Dan: If they couldn't keep the quality up, it's tough to think anything else could. And no other show like this has been on this long, so they're completely in uncharted waters.

Are you hopeful that it might get better? Have you found many moments or episodes in the post-classic era that honor that high standard?

Jack: We're hopeful but not very confident that a comeback is in The Simpsons' future. One great season would make the last 18 totally worth it, but the best chance of that happening would take some serious experimentation and reimagining of the series. But it can't just become an entirely different show — they can't just put Homer and Bart into a Rick and Morty plot. It still has to have the same fundamental core.

Dan: Though how cool would that be? They did do that couch gag last year, but, damn, a full-on crossover...

Jack: But it's not impossible. If the same people who made The World Is Not Enough can make Casino Royale, then even a perfect season 28 is possible. Watching later episodes for the podcast, we've come across a few moments — and I stress moments — that are objectively good. Emotional beats, gags, the thriller scenes in this year's Halloween episode — but they are few and far between.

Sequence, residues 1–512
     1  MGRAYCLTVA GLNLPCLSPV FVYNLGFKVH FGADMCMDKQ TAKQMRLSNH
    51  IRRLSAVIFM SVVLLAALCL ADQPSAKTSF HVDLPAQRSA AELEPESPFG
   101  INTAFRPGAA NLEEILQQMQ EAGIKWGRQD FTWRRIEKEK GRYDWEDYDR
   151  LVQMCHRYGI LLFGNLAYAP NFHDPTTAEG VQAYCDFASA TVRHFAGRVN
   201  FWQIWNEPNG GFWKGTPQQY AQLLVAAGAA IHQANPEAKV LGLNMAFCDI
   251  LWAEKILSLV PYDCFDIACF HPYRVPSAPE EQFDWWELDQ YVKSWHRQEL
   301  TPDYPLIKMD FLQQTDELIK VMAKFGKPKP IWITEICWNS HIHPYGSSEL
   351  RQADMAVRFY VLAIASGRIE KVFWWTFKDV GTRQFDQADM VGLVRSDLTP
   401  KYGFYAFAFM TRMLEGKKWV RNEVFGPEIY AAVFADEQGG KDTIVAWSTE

Dan: Season 27's "Halloween of Horror," which aired only a few weeks ago, is a high point and a reminder that the show can do great things. We had done the recent season premiere on the podcast and not loved it, but then we were getting tweets and emails from listeners saying, "Hey, this in-canon Halloween episode ... it's pretty great." It was a pleasant surprise. We try to be fair but critical, but we do get surprised when a modern episode has an emotional core and a lot of good laughs. If they keep trying to do both of those things while telling a story that makes at least some sense, it's time for a comeback season. We also liked last season's "Bart's New Friend," the Judd Apatow episode, for a lot of the same reasons. It treated the characters like people and not gag-delivery systems.